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George Washington (#1) was born February 22, 1732. The celebration of his birthday became Presidents Day, the third Monday of February, which became a celebration of Washington and Abraham Lincoln (#16), which morphed into a celebration of all of our presidents, which--in my opinion--should actually be a celebration of the institution of the presidency and its original intent. 

No president was revered in his day and after as Washington was and is. He was an American hero, even if he never actually chopped down a cherry tree, even if his teeth were not made of wood. He epitomized the original intent of the presidency. A mediator who lives in a big white house. This is, of course, ignoring the question, should a slave holder be entitled to a day in his honor? 

(As an aside, New York City was the capital during Washington's initial term and he lived on Cherry Street. He then moved to Philadelphia after Thomas Jefferson (#3) and Alexander Hamilton orchestrated a deal to relocate the capitol close to Virginia, with a ten-year stop in Philadelphia. The White House only gained its name after it was mostly destroyed during the War of 1812 and was painted white to hide burn marks, although some say this is a myth.)

Of course, Washington had his detractors. Those who felt he, and then John Adams (#2), were jockeying to be an American King George, III and opposed the federal government making decisions for the States. But overall, as far as I can tell from my research, no one was as loved--or at least not spoken poorly about in public--as our first president. 

But what of other presidents? Should Andrew Jackson (#7) and his Trail of Tears be celebrated alongside Franklin Delano Roosevelt (#32) and the New Deal? Does Martin Van Buren (#8) and the Panic of 1837 deserve to share a day with Harry S. Truman (#33) and the Marshall Plan? Does Andrew Johnson (#17), who was impeached, William Henry Harrison (#9), who died after one month in office, Richard Nixon (#37), who was a crook, and George W. Bush (#43), who started the Iraq War, get to be honored along with Ronald Reagan (#40)(during his first term)? Does James Buchanan (#15), whose ineptness led to the Civil War, deserve to be recognized at the same time as Abraham Lincoln (#16)? Donald Trump (#45) together with Barack Obama (#44)? I think not.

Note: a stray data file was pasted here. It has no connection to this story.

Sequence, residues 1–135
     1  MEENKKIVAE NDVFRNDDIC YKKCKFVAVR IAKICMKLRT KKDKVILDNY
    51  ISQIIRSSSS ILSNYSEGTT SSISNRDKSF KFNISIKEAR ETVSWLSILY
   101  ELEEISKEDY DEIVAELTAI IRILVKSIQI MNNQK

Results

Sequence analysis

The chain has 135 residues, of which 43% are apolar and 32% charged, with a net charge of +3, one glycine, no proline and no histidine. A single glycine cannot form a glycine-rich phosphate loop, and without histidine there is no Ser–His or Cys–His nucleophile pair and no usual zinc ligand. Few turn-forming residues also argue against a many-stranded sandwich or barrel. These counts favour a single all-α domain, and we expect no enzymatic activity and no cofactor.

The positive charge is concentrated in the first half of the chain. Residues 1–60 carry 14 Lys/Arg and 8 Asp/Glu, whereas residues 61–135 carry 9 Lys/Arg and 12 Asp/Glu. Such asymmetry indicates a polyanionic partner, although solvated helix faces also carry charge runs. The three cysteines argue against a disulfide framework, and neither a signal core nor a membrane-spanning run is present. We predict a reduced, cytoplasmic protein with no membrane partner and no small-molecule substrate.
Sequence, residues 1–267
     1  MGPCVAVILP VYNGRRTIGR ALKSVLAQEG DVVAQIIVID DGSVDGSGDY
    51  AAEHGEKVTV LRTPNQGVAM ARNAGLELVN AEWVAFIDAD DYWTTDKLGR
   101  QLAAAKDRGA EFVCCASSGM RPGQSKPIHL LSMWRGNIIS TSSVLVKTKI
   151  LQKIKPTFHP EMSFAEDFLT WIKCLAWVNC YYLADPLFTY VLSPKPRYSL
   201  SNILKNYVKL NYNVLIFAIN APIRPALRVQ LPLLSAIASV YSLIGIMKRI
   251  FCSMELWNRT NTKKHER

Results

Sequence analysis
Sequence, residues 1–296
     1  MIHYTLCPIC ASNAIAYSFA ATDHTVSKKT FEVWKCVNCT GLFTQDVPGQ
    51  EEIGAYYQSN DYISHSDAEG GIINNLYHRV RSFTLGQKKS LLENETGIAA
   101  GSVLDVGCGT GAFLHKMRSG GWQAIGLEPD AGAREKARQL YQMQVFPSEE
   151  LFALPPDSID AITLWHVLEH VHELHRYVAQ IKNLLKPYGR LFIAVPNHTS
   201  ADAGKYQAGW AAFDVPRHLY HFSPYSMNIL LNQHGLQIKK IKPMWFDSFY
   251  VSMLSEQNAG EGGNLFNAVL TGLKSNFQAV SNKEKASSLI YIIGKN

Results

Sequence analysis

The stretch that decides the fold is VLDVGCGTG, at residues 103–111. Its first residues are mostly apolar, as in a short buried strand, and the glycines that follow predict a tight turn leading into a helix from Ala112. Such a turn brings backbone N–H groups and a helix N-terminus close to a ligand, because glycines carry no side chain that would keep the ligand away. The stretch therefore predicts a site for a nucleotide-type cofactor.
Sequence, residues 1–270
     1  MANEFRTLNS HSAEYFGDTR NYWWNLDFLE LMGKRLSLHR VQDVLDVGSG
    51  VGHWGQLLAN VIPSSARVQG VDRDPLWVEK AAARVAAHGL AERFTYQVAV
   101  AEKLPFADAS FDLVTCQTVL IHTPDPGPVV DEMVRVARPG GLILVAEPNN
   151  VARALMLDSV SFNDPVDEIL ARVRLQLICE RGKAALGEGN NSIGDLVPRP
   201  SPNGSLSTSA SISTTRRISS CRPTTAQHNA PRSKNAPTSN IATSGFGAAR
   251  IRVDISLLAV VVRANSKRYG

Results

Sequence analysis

So let's redefine--again--the meaning of Presidents Day. While we can recognize our presidents and honor those we feel did worthy jobs of leading our nation, let's honor the original intent of the office of the presidency. Not to have another king, but to have a unifier. A leader who brings the country together, not despite all of our differences but because of them. A leader who believes in not asking what your country can do for you, but what you can do for your country. (John F. Kennedy, (#35) Inaugural Address, January 20, 1961). A president who believes America is most herself when she comes from a place of high moral principle and who believes America's purpose is "to make kinder the face of the nation and gentler the face of the world." (George H.W. Bush, (#42), January 20, 1989).

Many of us feel defeated by the current tract of our country's policies and direction, and saddened by the lack of civility and acceptance of mean spiritedness. I have realized there are a minimum of two things I can do. One is to vote. The other is to be kind to every person I run across, hoping my kindness transcends to them and then to the next person they meet and the next person after that. Call it a Kindness Chain. 

So, that's what I am celebrating on this President's Day. The original intent of the office of the presidency: to unify and to make kinder the nation and gentler the face of the world. Please join me. Start your Kindness Chain today, and please vote.

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Joanne Lewis Blog